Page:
It’s a story the Mountain View community knows better than most. The statistics are sobering. Mountain View has an education crisis, with over 48 percent of residents not graduating high school. The crime rate is nearly double the U.S. average. Nearly a full quarter live below the poverty level. The name of Precious Alex still weighs on everyone’s heart and mind.
But these characteristics are precisely what Booker learned were the wrong things to look at. They prevent one from seeing the vibrant refugee community, the beautiful parks and artwork created and maintained by locals, the award winning community development efforts by the Anchorage Community Land Trust, and the outright magic that takes place every single day within the very building in which Booker spoke, the Mountain View Boys and Girls Club.
That shared history, Booker said, is only one generation removed (if that) from Jim Crow. As in keeping with the rest of the thirty minute speech, he made sure to intertwine really heavy history with bits of humor. He recounted a story about his father buying the family’s first home:
My father tells the story like this, he says, “Son, we went to look at the house. It was sold. The white couple — the test couple; the volunteers — came after us.” It was still for sale. They put a bid on the house. It was accepted. On the day of the closing, my father says, he and a lawyer went to the real estate agent. The lawyer gave a speech, said you’re in violation of Colonia Real Estate fair housing law. The real estate agent was so upset, he gets up and punches my dad’s lawyer and sicks a dog on my father. And every time my dad tells that story the dog gets bigger.
But that’s how we moved in. “Four raisins and a tub of sweet vanilla ice cream.” That’s what my dad called us. And as I was growing up, here I thought I was something special. High school All-American football player. Scholarship to go to Stanford University. I would walk into that house with that swagger again and my dad would look at me and say, “Boy, don’t you dare walk around this house like you hit a triple. You were born on third base. You didn’t get here on your own. People cried for you. People scrubbed toilets for you. People marched for you. People stormed beaches in Normandy for you. People died so that you might live free. You drink deeply from wells of freedom and liberty and opportunity that you did not dig. You sit under the shade of trees planted for you by your ancestors. You eat lavishly from banquet tables prepared for you by the hands of those who came before. You can’t just consume these blessings, getting dumb, fat, and happy, sitting around here like you got nothing to do. You have a mission. You are an American. The struggle continues. The fight goes on.”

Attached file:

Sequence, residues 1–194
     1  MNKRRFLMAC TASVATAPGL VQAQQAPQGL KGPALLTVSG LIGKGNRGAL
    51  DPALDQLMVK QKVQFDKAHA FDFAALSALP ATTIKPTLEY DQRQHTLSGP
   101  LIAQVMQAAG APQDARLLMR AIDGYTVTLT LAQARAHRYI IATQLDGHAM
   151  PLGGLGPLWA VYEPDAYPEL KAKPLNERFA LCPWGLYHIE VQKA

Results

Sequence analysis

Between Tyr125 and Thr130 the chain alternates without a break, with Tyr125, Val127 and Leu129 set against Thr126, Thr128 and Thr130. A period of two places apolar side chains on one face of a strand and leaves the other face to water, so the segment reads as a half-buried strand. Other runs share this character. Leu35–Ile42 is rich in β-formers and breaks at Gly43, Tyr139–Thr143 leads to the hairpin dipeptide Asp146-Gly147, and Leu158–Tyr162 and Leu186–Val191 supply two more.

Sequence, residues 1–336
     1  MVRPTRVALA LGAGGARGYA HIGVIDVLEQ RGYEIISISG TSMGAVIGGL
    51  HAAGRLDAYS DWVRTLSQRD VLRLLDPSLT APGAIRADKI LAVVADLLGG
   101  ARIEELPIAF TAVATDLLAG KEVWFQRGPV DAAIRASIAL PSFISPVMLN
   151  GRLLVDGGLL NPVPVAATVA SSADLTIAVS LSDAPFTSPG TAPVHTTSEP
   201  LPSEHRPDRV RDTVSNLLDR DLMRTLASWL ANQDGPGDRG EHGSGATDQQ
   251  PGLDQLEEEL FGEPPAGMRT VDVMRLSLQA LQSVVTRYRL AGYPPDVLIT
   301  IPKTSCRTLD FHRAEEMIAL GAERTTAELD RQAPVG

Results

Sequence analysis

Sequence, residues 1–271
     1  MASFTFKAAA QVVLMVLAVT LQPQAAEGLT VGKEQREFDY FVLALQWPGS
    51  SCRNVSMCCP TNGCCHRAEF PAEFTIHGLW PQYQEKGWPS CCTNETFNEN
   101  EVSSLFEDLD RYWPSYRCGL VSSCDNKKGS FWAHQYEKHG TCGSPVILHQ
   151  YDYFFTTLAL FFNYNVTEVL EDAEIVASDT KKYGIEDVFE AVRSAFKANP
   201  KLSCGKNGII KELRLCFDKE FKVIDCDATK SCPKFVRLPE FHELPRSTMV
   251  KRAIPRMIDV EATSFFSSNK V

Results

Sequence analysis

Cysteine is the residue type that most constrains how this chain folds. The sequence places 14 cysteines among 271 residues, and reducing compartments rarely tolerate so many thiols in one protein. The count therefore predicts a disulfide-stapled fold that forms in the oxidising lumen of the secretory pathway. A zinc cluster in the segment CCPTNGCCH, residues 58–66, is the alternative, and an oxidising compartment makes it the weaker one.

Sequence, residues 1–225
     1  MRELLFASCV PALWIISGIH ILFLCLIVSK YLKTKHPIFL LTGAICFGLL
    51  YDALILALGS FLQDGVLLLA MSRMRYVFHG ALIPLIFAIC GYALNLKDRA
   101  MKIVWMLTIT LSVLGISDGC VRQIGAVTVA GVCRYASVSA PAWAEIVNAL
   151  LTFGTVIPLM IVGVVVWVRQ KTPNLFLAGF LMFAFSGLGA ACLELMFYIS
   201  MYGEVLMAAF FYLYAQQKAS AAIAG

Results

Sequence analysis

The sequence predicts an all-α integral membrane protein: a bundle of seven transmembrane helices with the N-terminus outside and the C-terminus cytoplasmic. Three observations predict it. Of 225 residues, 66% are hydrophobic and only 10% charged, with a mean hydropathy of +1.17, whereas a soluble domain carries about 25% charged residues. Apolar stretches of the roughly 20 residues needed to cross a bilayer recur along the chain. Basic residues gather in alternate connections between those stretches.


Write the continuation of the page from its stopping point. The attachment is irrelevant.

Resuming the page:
Although Booker, like Begich, faces an election this November, he told the Mountain View crowd that he felt it was important for him to come to Alaska at this moment — which, admittedly, is a tense moment in racial politics across the country. Addressing that tension specifically and deliberately, Booker referenced Martin Luther King’s “Letter from Birmingham Jail,” emphasizing one line in particular: “We are caught in an inescapable network of mutuality, tied in a single garment of destiny. Whatever affects one directly affects all indirectly.”
“I’m here because we’re all in this together,” Booker said softly but firmly. You could hear a pin drop. “Let nobody separate the struggle of this community from the struggle in Newark, from the struggle in Camden, from the struggle in Ferguson, from the struggle in east St. Louis. We are all in this together.”
The crowd responded with a standing ovation that continued long after he shook several hands and headed out the door, headed back to the airport. There was a sense that everyone had just heard something special, important, significant; been a part of it. A man standing behind me, at the back of the room, said aloud: “That sounded presidential.”
Booker’s visit to Alaska had an obvious purpose, which was to stump for Begich. And if you happen to be a Democrat running for office, I highly you recommend you do everything in your power to have him do that for you. Hell, if you’re a Republican, I’d recommend giving it a shot. He is incredibly good at it. Seriously.
But Booker did a lot more than that. He spoke passionately about his life, his experiences, his values, and shared the often hard lessons and bits of wisdom he’d picked up along the way. And he, in no uncertain terms, told everyone there that he stood with them; that he genuinely understood their trials, lived the same frustrations, challenges, fears, and hope. The connection he made with attendees was electric. And it was an incredible thing to be there to see, hear, and feel.